Providing Alcohol to Underage Youth: The View from Young Adulthood

    loading  Checking for direct PDF access through Ovid



Many underage drinkers obtain alcohol from legal-age family, friends, and acquaintances. This study aimed to understand the attitudes and behaviors of young adults related to providing alcohol to underage drinkers.


Participants were 755 current or recent college students of legal drinking age (ages 22 to 26) who were approached by a minor to provide alcohol at least once since turning 21. Interviewers assessed frequency of providing alcohol, relationship to the recipients, and general attitudes about providing alcohol to minors. Separate questions asked about younger (under 18) and older (18 to 20) minors. Correlates and predictors of provision and frequency of provision were examined via logistic regression and Poisson regression, focusing on demographics, sensation-seeking, behavioral dysregulation, age at first drink, parental history of alcohol problems, fraternity/sorority involvement, attitudes about provision, violations, peer drinking norms, and alcohol use disorder (AUD) risk during and post-college.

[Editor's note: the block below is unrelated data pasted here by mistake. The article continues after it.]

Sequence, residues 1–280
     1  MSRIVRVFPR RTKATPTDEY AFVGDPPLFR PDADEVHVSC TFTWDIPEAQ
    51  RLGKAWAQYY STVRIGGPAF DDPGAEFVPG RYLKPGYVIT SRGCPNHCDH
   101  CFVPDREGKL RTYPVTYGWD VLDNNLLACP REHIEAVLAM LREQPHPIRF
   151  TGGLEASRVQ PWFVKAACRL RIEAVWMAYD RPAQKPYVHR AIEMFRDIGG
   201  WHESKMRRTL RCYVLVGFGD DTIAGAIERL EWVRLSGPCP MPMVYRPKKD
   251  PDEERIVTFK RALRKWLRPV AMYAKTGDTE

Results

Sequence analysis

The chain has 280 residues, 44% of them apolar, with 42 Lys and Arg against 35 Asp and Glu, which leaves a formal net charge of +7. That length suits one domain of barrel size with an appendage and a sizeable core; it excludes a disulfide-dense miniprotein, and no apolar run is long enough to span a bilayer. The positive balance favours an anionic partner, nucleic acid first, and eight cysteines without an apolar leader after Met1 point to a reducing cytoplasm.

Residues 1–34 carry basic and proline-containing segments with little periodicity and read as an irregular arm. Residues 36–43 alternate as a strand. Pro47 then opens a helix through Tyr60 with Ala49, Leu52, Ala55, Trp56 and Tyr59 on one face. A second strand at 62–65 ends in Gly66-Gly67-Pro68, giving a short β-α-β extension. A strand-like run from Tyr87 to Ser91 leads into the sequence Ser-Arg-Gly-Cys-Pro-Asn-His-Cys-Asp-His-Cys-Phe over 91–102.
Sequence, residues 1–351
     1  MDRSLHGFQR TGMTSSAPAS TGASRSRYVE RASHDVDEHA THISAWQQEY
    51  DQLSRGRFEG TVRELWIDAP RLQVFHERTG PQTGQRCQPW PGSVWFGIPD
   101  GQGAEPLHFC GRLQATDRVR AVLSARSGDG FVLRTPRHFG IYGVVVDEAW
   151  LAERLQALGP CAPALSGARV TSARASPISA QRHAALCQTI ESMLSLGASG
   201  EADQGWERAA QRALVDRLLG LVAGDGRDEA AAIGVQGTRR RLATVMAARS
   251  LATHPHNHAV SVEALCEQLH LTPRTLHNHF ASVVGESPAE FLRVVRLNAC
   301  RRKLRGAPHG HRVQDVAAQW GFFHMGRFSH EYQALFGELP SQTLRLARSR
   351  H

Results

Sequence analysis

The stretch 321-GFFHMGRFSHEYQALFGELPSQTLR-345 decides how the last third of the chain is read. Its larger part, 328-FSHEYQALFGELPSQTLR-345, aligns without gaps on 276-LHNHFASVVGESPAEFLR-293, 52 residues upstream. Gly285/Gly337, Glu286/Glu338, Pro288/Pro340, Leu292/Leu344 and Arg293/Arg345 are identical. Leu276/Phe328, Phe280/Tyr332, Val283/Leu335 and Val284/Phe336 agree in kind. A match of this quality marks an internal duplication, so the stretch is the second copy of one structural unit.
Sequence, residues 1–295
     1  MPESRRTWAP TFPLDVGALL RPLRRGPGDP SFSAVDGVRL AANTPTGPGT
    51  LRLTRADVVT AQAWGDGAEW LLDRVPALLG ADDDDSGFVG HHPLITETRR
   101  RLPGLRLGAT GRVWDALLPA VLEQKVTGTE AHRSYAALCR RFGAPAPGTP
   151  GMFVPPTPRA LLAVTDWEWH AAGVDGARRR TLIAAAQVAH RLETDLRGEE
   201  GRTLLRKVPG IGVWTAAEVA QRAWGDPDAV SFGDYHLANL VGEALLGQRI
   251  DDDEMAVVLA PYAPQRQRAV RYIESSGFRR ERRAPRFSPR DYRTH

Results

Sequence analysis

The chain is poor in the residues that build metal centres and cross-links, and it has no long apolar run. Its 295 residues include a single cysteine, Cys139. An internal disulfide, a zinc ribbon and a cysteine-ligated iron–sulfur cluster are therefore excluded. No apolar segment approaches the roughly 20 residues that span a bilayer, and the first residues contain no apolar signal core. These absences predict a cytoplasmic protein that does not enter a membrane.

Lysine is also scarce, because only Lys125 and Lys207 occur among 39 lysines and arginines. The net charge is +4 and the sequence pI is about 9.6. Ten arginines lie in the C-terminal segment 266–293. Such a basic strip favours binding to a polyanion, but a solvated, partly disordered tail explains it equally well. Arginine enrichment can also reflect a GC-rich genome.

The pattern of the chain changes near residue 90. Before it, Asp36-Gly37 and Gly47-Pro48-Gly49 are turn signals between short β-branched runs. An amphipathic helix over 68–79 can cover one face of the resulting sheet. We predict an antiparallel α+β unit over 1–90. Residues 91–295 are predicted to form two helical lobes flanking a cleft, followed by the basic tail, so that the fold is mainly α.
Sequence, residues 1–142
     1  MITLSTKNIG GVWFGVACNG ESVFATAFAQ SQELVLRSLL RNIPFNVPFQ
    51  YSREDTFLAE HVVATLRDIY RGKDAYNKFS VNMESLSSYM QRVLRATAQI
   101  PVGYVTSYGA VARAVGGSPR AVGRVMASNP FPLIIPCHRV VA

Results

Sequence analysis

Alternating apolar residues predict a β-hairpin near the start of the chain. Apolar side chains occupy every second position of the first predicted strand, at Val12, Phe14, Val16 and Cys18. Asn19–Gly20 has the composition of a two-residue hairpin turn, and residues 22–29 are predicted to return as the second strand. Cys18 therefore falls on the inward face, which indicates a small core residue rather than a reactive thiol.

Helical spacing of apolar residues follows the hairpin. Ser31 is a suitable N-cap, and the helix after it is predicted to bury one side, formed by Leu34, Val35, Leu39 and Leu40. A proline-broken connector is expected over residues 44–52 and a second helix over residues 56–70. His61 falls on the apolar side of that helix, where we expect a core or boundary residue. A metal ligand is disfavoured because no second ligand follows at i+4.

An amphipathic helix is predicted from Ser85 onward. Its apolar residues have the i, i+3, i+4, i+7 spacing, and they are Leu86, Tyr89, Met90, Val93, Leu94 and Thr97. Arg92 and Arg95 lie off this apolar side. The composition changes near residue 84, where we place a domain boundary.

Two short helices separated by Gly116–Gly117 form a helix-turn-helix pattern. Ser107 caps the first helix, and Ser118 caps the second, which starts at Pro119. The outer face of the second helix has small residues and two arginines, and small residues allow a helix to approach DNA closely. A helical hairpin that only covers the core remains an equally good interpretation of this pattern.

Most participants (84.6%) provided alcohol to minors at least once. Provision to older minors was more prevalent (82.8%) than to younger minors (20.7%); it was also more frequent. Few (2.4%) were ever caught providing alcohol. Recipients were more commonly friends or family members rather than acquaintances or strangers. Legal concerns about providing alcohol (82.5 and 53.7% for younger and older minors, respectively) were more prevalent than health concerns (55.7 and 9.5%). Legal concerns consistently predicted lower likelihood of provision, independent of demographics. Health concerns and lower post-college AUD risk scores also independently predicted lower likelihood of provision, but only to older minors. Fraternity/sorority involvement and higher peer drinking norms were associated with higher provision frequency, whereas legal concerns and college violations were associated with lower provision frequency.


Young adults who have recently turned 21 could represent an important target for prevention strategies to reduce underage drinking on college campuses. More research is needed to understand the motivations of young adults who provide alcohol to underage drinkers.

Related Topics

    loading  Loading Related Articles